The chromosomally coded NorA of S. aureus, in contrast, belongs to a branch with 12 TMS transporters (46). NorA produces resistance to fluoroquinolones, as well as to cationic dyes and cationic inhibitors including puromycin and tetraphenylphosphonium (56). The S. aureus chromosome contains at least two other homologs of NorA, NorB and NorC, which produce a similar phenotype (57). Because all these efflux pumps are inhibited by reserpine, sensitization of bacteria to substrate drugs in the presence of reserpine can be used as an effective tool to assess the contribution of the efflux process to resistance. Thus, in about one-half of S. aureus strains isolated from the bloodstream of patients, efflux made a strong contribution to resistance, and more than half of these strains overexpressed the three chromosomally coded pumps just mentioned (58).

Some MFS pumps have been studied as model systems, although they have little relevance in the clinic. LmrP of Lactococcus lactis pumps out cationic dyes, daunomycin, tetracyclines, and macrolides (59), and MdfA of E. coli can confer increased resistance to cationic dyes, chloramphenicol, and fluoroquinolones when overexpressed from plasmids in a mutant strain lacking the constitutive RND pump AcrB (60), although mdfA deletion produces no effect on drug susceptibility (61). Study of the LmrP pump showed that fluorescent dyes are captured from the inner leaflet of the bilayer, the pump thus acting as a “vacuum cleaner” of the membrane. The MdfA pump is remarkably versatile, for example, pumping out neutral substrates in an electrogenic manner while treating cationic substrates in an electroneutral way. Another unexpected finding was that the mdfA deletion mutants were hypersensitive to alkaline pH, presumably because MdfA functions as a K+/H+ antiporter (161). This is reminiscent of the similar function for a chromosomally coded “monodrug efflux pump,” TetB(L), of Bacillus subtilis (62).

Among MFS multidrug efflux pumps, the crystal structure was solved for EmrD of E. coli (63), which pumps out uncouplers, quaternary ammonium biocides, as well as sodium dodecylsulfate (60). The central cavity, a likely substrate-binding site, is lined with side chains of both an aliphatic and an aromatic nature.

Multidrug Efflux Pumps of the Small Multidrug Resistance Family

Efflux pumps of a very different structure, belonging to the Small Multidrug Resistance (SMR) family (64), were first discovered coded on S. aureus plasmids and were subsequently found to be coded also on the chromosomes of gram-negative bacteria. These proteins, which extrude cationic compounds such as quaternary ammonium biocides or ethidium, represent the smallest transport proteins known, containing only four TMS in a 110-residue sequence in the EmrE of E. coli. EmrE has been studied intensively (65). There is only one charged residue in the transmembrane segments, Glu14, which has an unusually high pKa of about 8.5. When the transporter encounters the substrate, this residue becomes deprotonated and instead binds the substrate, as shown with the transporter solution in detergents. Thus, the inward flux of proton(s) and the outward flux of the substrate appear to be coupled by the sharing of a common binding site. In terms of the three-dimensional structure, EmrE seems to exist primarily as a symmetrical dimer, according to the biochemical (66) and the electron cryomicroscopy data (67). Although much confusion ensued following the publications suggesting that the dimer is asymmetric, with one protomer facing the outside and the other facing inside, these papers have now been retracted as a result of calculations using a faulty software.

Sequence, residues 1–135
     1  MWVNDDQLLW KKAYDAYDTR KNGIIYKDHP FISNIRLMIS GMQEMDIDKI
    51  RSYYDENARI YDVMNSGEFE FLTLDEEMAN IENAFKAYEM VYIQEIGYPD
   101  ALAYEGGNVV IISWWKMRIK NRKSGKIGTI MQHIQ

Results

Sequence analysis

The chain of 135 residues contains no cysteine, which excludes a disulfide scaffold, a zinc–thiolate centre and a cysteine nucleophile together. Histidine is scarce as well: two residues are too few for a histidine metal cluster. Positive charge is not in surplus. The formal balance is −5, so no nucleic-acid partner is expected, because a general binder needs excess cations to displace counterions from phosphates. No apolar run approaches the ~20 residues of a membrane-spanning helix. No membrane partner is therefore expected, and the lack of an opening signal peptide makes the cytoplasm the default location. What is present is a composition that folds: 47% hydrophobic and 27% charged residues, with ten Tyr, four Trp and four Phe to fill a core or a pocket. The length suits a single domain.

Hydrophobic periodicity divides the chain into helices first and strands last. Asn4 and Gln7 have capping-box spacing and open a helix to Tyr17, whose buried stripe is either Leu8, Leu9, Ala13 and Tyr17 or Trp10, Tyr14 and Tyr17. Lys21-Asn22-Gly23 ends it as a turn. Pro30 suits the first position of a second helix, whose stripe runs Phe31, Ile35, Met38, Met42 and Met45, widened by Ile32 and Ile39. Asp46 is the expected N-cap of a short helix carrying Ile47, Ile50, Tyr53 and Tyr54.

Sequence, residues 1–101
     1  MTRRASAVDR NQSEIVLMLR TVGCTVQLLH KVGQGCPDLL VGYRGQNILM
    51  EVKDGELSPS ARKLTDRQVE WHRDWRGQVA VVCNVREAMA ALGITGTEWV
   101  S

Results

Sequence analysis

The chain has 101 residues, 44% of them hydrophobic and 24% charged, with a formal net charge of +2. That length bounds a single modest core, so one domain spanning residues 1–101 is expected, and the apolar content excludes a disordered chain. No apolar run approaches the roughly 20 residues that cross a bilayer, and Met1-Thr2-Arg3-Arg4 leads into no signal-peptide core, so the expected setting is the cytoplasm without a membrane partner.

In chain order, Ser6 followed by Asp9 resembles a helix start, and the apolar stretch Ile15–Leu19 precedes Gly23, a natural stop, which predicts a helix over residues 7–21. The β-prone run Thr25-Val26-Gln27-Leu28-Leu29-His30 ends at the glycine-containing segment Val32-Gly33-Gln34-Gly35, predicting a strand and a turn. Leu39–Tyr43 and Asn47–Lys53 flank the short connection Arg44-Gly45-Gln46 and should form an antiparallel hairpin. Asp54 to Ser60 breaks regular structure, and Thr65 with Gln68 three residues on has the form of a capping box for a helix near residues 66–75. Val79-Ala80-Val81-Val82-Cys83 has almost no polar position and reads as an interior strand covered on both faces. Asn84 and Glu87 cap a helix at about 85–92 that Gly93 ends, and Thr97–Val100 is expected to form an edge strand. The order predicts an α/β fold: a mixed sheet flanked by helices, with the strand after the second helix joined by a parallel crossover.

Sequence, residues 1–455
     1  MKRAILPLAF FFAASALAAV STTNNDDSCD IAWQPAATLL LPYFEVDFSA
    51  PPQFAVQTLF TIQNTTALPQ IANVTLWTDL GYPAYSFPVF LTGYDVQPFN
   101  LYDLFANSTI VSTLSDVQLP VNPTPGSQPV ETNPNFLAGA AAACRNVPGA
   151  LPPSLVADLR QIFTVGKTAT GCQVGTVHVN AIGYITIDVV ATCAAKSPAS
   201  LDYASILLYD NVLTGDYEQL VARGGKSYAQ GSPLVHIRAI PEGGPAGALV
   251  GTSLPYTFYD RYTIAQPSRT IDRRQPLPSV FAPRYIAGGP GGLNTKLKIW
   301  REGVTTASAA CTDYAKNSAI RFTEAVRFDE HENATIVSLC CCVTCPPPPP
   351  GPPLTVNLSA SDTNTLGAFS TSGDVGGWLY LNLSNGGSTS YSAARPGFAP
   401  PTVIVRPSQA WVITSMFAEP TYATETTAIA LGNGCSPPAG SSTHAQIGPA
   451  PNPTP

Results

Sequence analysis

Multidrug Efflux Pumps of Resistance-Nodulation-Division Family

Transporters of this family play, by far, a predominant role in the multidrug resistance of gram-negative bacteria.

Resistance-nodulation-division pump usually exists as a part of a tripartite complex

Efflux pumps of this superfamily (such as AcrB of E. coli and MexB of P. aeruginosa) (68) play an important role in producing multidrug resistance in gram-negative bacteria. This is because these pumps become associated with two other classes of proteins, the outer membrane channel exemplified by TolC of E. coli, belonging to the OMF (outer membrane factor) family of proteins (69) and the periplasmic “adapter” protein such as AcrA of E. coli and MexA of P. aeruginosa, classified into the MFP (membrane fusion protein) family (70) (Figure 5a). The association of these proteins was confirmed by chemical cross-linking (71) and by the isolation of the complex containing all three proteins (72). As was emphasized already in 1996 (73), this construction allows the direct export of drugs into the external medium, rather than into the periplasmic space. This is a huge advantage because once exported into the external space drug molecules must traverse the outer membrane barrier to reenter bacterial cells. Thus, these pumps work synergistically with the outer membrane barrier. Wild-type strains of most gram-negative bacteria are resistant to most lipophilic antibiotics (for E. coli, they include penicillin G, oxacillin, cloxacillin, nafcillin, macrolides, novobiocin, linezolid, and fusidic acid), and this “intrinsic resistance” was often thought to be caused by the exclusion of drugs by the outer membrane barrier. Indeed, breaching the outer membrane barrier does sensitize E. coli cells to the drugs just mentioned (74). However, the inactivation of the major RND pump AcrB of E. coli makes the bacteria almost completely susceptible to these agents [the minimal inhibitory concentration (MIC) of a lipophilic penicillin, cloxacillin, goes down from 512 μg/ml in the wild type to only 2 μg/ml (75)] even in the presence of the intact outer membrane barrier. Thus, the characteristic intrinsic resistance of gram-negative bacteria owes as much to the RND pumps as to the outer membrane barrier.